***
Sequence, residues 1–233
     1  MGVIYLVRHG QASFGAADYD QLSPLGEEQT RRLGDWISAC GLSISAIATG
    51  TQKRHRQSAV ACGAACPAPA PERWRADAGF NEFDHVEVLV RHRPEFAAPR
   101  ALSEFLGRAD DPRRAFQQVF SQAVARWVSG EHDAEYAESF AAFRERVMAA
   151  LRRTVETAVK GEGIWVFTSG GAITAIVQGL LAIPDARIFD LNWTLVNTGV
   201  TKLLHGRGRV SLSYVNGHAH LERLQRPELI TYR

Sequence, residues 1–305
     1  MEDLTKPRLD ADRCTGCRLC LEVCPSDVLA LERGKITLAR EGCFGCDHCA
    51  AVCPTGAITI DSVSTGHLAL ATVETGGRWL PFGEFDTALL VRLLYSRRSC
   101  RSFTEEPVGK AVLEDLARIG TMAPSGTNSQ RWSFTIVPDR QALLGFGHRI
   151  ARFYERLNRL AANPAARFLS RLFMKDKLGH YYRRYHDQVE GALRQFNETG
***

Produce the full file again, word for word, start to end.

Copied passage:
Sequence, residues 1–233
     1  MGVIYLVRHG QASFGAADYD QLSPLGEEQT RRLGDWISAC GLSISAIATG
    51  TQKRHRQSAV ACGAACPAPA PERWRADAGF NEFDHVEVLV RHRPEFAAPR
   101  ALSEFLGRAD DPRRAFQQVF SQAVARWVSG EHDAEYAESF AAFRERVMAA
   151  LRRTVETAVK GEGIWVFTSG GAITAIVQGL LAIPDARIFD LNWTLVNTGV
   201  TKLLHGRGRV SLSYVNGHAH LERLQRPELI TYR

Sequence, residues 1–305
     1  MEDLTKPRLD ADRCTGCRLC LEVCPSDVLA LERGKITLAR EGCFGCDHCA
    51  AVCPTGAITI DSVSTGHLAL ATVETGGRWL PFGEFDTALL VRLLYSRRSC
   101  RSFTEEPVGK AVLEDLARIG TMAPSGTNSQ RWSFTIVPDR QALLGFGHRI
   151  ARFYERLNRL AANPAARFLS RLFMKDKLGH YYRRYHDQVE GALRQFNETG